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COMMENT: Stage set at Ally Pally for World Darts classic
THE first major sporting event of 2013? Look no further than Alexandra Palace this evening for the final of the PDC World Darts Championship.
Some people might decry darts' status as a sport, but there is no denying the success or popularity of a tournament that has rapidly become a key component of the festive sporting schedule.
This year's instalment has been the best yet, played out in front of a stream of raucous capacity crowds at Ally Pally and featuring a quarter-final line-up that boasted seven of the world's top eight players plus five-time world champion Raymond van Barneveld.
Tonight's final pits the greatest player the world has ever seen, 15-time world champion Phil Taylor, against the most in-form player from the second half of 2012, Dutchman Michael van Gerwen.
It is 'The Power' against 'Mighty Mike', the sorcerer against the apprentice, the veteran master against the up-and-coming force. It promises to be a belated Christmas cracker.
Taylor starts as marginal favourite, although his odds reflect his standing in the game rather than his performances in the last two World Championships, in which he failed to progress beyond the quarter-final on either occasion.
This time around, he started slowly, but his quarter-final demolition of Andy Hamilton suggested he was back to something approaching his best, and for much of Sunday's semi-final victory over van Barneveld, he exuded an authority and dominance that reflected his status as an all-time great.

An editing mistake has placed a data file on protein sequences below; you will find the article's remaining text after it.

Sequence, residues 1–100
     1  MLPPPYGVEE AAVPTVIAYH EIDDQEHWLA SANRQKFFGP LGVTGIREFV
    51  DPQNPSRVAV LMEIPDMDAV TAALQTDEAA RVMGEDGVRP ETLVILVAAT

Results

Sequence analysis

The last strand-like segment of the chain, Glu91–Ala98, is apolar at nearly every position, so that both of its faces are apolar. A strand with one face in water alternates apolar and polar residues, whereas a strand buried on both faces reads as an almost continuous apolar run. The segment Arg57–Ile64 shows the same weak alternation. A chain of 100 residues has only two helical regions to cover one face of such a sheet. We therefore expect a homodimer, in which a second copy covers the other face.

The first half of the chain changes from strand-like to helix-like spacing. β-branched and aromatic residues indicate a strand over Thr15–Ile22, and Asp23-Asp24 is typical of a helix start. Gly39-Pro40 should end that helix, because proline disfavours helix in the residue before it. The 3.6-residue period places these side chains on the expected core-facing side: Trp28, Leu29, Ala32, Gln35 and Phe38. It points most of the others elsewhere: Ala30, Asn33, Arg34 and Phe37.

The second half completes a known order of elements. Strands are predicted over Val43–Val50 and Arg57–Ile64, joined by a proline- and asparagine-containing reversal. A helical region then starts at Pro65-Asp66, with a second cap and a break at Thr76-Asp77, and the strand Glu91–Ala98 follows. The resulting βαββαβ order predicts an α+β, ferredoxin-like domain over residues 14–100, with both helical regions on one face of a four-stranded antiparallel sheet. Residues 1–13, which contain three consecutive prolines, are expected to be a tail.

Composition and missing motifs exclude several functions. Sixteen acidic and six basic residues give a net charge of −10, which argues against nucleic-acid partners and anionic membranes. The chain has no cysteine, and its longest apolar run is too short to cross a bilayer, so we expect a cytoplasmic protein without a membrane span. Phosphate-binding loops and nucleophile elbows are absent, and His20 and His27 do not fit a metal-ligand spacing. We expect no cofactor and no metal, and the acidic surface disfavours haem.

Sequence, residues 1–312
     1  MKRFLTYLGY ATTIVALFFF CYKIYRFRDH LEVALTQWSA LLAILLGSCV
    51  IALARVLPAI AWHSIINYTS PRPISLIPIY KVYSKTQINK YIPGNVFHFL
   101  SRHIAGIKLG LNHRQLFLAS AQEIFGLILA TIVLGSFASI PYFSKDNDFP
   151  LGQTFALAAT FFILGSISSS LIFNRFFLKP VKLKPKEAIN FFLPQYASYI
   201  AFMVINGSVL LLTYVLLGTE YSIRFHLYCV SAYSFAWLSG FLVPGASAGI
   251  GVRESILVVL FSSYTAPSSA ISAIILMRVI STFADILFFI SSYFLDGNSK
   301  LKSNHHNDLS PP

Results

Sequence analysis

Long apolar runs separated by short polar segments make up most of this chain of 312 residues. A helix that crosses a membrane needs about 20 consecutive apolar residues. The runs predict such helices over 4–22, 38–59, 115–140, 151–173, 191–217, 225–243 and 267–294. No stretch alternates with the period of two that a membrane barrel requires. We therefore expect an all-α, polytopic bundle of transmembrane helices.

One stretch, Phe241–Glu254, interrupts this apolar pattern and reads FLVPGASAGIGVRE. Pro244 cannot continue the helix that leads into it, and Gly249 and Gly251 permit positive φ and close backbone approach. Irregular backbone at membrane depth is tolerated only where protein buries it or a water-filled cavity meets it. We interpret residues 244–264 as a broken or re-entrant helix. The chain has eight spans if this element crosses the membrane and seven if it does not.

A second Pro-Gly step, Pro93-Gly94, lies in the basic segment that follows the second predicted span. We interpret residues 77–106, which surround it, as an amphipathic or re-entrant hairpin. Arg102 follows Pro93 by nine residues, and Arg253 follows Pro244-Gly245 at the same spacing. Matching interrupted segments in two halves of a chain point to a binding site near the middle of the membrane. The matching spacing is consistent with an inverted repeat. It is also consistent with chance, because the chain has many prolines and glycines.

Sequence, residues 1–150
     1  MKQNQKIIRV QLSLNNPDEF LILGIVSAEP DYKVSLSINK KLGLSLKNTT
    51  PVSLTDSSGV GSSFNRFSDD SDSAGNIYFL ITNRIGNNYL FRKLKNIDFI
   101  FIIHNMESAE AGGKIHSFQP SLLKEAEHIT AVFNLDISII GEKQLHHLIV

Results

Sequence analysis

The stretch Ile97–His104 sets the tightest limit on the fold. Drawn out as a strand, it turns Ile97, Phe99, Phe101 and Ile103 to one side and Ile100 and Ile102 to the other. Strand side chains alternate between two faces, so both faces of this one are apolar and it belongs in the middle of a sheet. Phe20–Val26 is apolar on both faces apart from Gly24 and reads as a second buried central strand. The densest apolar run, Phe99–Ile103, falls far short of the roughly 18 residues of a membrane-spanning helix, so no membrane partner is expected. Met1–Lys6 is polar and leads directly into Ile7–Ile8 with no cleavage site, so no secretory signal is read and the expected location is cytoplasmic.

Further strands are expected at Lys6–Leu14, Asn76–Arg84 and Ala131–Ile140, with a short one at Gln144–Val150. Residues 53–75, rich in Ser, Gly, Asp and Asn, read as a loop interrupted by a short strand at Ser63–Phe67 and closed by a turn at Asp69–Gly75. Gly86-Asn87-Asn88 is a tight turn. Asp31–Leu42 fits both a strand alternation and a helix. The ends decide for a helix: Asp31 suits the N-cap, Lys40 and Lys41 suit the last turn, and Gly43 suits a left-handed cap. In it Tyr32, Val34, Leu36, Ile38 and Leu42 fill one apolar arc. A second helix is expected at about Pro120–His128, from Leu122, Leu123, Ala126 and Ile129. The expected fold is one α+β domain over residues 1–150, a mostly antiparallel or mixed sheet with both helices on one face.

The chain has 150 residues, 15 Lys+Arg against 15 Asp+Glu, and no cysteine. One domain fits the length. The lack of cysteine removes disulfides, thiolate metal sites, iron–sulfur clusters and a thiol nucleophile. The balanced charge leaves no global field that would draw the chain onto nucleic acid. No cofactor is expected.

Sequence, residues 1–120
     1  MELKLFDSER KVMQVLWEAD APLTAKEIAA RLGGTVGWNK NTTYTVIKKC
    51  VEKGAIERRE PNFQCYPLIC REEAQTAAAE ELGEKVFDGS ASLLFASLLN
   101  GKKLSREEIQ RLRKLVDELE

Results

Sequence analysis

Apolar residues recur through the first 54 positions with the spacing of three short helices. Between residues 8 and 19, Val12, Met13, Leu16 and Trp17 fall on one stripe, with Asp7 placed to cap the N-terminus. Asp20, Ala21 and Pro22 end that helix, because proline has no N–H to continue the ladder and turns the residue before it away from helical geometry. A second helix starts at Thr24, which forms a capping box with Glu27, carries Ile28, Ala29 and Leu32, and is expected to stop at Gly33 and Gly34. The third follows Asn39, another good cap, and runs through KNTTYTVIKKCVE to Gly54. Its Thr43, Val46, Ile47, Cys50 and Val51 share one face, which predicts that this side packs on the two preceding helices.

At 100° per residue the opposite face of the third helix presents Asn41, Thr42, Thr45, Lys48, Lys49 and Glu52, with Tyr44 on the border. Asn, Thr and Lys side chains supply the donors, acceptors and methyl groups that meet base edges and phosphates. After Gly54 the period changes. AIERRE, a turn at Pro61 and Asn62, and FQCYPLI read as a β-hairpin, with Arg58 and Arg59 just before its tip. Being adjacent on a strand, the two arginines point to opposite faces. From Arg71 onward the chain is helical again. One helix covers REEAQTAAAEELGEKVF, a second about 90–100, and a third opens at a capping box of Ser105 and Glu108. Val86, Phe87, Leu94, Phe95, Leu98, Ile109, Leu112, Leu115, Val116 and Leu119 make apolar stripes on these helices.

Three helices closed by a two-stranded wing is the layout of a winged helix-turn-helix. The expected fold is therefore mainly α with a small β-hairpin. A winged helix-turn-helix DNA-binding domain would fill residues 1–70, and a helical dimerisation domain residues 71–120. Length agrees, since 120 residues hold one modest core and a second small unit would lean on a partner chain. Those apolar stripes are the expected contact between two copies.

However, at 5-1 ahead, Taylor missed two darts at double top to claim a facile victory, and while he eventually triumphed 6-4, the sight of van Barneveld rattling off three sets on the trot exposed a fragility that has rarely been evident in the world number one.
To his credit, Taylor regrouped to get the job done, but his refusal to shake his opponents' hand during an unseemly post-match altercation lost him a few fans and underlined just how tense things had become. Wobble like that against van Gerwen, and Taylor could struggle.
Van Gerwen has been no stranger to mental fragility himself in the past, but after struggling to live up to the potential he displayed when he burst onto the scene as a teenager, this has been the season when the 23-year-old Dutchman has finally justified the hype that has long surrounded him.
His success at this autumn's World Grand Prix represented a major step forward in his career, and he has suddenly discovered a level of consistency that enables him to make the most of a scoring power that has long been as good as anyone's in the game.
His semi-final victory over James Wade was sensational, containing arguably the greatest two-minute segment in the history of the World Championships.
Not only did van Gerwen become the second player in this year's tournament to hit a nine-dart finish, the Holy Grail of the darting world, he also came within a throw of recording two successive perfect legs, with only the final attempt at double 12 catching him out.
Even Taylor was impressed with that, and given that van Gerwen has averaged close to 100 in every game he has played at Ally Pally, the world number one can expect to be in the unusual position of having to chase a large number of legs tonight.
Van Gerwen will almost certainly match Taylor for scoring, but will his doubling hold out and will he be able to resist the mental stranglehold his opponent tends to exert in the biggest matches?
Darts is a thrilling sport to watch because the mental battle is so intense and so obvious. Up there on stage, there is nowhere to hide. Tonight we will discover if van Gerwen is strong enough to cope.